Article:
Orest Kiprensky, the great portraitist of the early ninteenth century, was born in the Oranienbaum district of Petersburg Gubernia, on an estate belonging to the landowner A.S. Diakonov. The future artist was entered in the register of Koporye church as the illigitimate son of the peasant Anna Gavrilova, who a year after the birth of her son was married to the landowner's manservant Adam Schwalbe.
In 1788 Kiprensky was sent to the school run by the Academy of Arts and nine years later he entered the class of historical painting, which was usually reserved for pupils who displayed some ability. His teachers were the professor of historical painting G.I. Udryumov and the master of profound and decorative painting Gabriel-Francois de Doyen.
The artists won his first gold medal in 1805 for the historical canvas Dmitry Donskoi on Sustaining Victory over Mamai (RM). But it was not historical paintings that brought him fame.
As early as 1804 Kiprensky painted one of his most talented works - a portrait of his father, Adam Schwalbe (RM). The portrait is impressive because of its remarkable maturity, its deep understanding of human nature, and the level of mastery attained at such an early stage in the artist's career. We see a self-willed man, full of dignity and spiritual strength. The work is realised in warm colours with free sweeping brushwork, built on contrasts of light and shade.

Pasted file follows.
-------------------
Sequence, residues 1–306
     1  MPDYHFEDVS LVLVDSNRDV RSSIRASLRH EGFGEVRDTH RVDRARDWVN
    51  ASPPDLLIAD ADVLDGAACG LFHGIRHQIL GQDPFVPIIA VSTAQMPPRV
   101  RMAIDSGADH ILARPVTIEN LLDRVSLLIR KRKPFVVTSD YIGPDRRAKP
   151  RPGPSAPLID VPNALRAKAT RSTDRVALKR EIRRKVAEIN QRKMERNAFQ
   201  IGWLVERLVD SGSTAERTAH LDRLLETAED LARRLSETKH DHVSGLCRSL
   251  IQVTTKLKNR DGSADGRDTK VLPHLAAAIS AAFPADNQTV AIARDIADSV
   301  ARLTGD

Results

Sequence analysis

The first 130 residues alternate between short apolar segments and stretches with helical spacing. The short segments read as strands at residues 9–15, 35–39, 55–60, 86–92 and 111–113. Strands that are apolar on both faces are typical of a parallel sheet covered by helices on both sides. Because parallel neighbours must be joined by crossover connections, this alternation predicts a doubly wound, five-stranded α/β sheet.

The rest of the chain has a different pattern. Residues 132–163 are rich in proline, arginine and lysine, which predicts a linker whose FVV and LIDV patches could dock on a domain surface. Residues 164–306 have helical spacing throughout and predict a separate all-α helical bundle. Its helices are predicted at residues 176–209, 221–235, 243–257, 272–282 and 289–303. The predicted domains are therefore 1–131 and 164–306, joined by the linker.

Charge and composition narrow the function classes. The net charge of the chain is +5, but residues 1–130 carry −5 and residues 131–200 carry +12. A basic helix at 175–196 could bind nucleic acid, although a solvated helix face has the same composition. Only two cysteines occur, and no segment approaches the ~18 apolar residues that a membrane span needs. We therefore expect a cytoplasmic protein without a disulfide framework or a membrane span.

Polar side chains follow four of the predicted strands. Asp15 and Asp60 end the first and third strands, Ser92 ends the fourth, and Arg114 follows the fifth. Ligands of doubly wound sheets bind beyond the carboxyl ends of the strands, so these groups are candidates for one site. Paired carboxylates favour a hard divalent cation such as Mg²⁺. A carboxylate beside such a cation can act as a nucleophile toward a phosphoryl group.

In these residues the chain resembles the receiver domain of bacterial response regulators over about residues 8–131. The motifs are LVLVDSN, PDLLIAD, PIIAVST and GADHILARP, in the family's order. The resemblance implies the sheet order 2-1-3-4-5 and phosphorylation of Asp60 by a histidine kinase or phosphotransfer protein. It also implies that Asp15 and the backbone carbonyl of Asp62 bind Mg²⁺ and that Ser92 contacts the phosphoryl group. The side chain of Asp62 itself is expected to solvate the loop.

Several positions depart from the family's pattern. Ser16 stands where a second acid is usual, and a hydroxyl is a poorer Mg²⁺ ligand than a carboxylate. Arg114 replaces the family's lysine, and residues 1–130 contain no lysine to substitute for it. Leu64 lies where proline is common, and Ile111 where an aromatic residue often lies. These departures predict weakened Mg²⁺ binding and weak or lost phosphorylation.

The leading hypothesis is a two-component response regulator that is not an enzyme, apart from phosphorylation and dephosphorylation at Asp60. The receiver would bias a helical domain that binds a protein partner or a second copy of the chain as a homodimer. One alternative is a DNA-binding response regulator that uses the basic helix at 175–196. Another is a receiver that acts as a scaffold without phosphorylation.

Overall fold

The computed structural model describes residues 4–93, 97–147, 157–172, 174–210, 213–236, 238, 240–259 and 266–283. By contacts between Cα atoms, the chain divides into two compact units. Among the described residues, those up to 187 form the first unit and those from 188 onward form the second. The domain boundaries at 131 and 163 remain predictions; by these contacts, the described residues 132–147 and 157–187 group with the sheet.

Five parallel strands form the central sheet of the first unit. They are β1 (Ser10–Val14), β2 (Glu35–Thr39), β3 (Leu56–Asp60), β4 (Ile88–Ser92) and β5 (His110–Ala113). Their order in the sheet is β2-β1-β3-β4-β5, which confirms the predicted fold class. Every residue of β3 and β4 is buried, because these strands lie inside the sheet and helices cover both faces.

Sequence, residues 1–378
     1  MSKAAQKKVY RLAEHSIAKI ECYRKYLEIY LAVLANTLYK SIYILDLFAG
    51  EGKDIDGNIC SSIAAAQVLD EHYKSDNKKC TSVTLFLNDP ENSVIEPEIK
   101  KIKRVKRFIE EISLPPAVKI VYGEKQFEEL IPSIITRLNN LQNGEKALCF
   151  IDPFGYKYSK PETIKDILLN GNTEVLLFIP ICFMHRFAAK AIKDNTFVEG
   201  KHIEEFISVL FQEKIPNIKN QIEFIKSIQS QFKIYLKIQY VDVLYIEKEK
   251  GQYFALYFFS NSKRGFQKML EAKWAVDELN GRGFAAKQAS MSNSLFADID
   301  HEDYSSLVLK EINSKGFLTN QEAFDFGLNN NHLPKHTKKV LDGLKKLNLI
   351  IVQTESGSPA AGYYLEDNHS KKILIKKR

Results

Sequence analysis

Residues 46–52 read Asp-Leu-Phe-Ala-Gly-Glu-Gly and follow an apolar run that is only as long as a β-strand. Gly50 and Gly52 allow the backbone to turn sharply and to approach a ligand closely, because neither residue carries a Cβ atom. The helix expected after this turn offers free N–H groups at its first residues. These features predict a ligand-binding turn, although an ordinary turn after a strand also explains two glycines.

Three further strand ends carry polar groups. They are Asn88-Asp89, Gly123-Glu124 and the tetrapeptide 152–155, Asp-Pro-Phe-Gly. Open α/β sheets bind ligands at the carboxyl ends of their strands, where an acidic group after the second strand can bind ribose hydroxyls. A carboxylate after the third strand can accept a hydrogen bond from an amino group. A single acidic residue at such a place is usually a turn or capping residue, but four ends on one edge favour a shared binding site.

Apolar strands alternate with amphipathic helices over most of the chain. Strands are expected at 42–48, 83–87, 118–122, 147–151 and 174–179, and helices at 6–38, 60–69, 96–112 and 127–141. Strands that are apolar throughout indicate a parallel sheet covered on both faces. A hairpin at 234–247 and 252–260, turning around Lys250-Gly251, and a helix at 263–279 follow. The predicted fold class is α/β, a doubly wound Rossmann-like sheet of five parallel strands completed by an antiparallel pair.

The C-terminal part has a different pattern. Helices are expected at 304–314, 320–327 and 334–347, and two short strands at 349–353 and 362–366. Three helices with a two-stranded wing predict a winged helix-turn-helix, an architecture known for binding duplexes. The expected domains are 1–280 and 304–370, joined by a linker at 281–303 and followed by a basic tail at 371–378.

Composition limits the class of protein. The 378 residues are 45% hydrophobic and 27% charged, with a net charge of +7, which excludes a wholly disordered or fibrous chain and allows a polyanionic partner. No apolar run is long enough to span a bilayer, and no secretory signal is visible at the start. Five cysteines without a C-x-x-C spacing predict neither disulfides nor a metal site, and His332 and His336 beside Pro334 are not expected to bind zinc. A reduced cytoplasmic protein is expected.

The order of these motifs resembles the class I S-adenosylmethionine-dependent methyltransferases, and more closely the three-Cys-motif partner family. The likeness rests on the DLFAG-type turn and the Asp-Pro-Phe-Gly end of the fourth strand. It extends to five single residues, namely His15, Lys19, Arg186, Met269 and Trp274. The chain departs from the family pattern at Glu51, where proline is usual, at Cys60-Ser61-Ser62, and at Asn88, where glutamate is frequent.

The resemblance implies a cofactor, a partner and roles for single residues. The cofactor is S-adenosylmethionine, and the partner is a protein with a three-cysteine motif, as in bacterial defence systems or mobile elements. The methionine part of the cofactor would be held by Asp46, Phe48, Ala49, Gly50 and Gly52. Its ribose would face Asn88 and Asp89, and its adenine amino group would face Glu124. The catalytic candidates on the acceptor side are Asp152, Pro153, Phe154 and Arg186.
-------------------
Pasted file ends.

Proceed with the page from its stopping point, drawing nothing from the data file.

This brilliant portrait impressed Kiprensky's contemporaries. In 1830 it was displayed at an art exhibition in Naples and, as the artist himself wrote, 'the Academy here concocted the following ideas ... some considered the portrait of my father a Rubens masterpiece, others thought it was a Van Dyck, while a certain Albertini went as far as Rembrandt!'
The artist's early works included a Self-Portrait (1808, RM). The easy-going, elevated character of this inspired image, and the distinctive style of painting and composition were clear signs of a new attitude to portraitures.
Both the personality and the work of the artist were suffused with the spirit of the liberal first decade of the nineteenth century. Kiprensky was a romantic artist, the first of the portraits to catch the tenor of the age and to poeticise the value and beauty of man's spiritual wealth. 'Who said that feelings deceive us?' he wrote in an album of drawings.
The year 1808 saw the start of Kipensky's friendship with the well-known collector and art patron A.R. Tomilov, whose house was one of the centers of artistic life in the first quarter of the nineteenth century.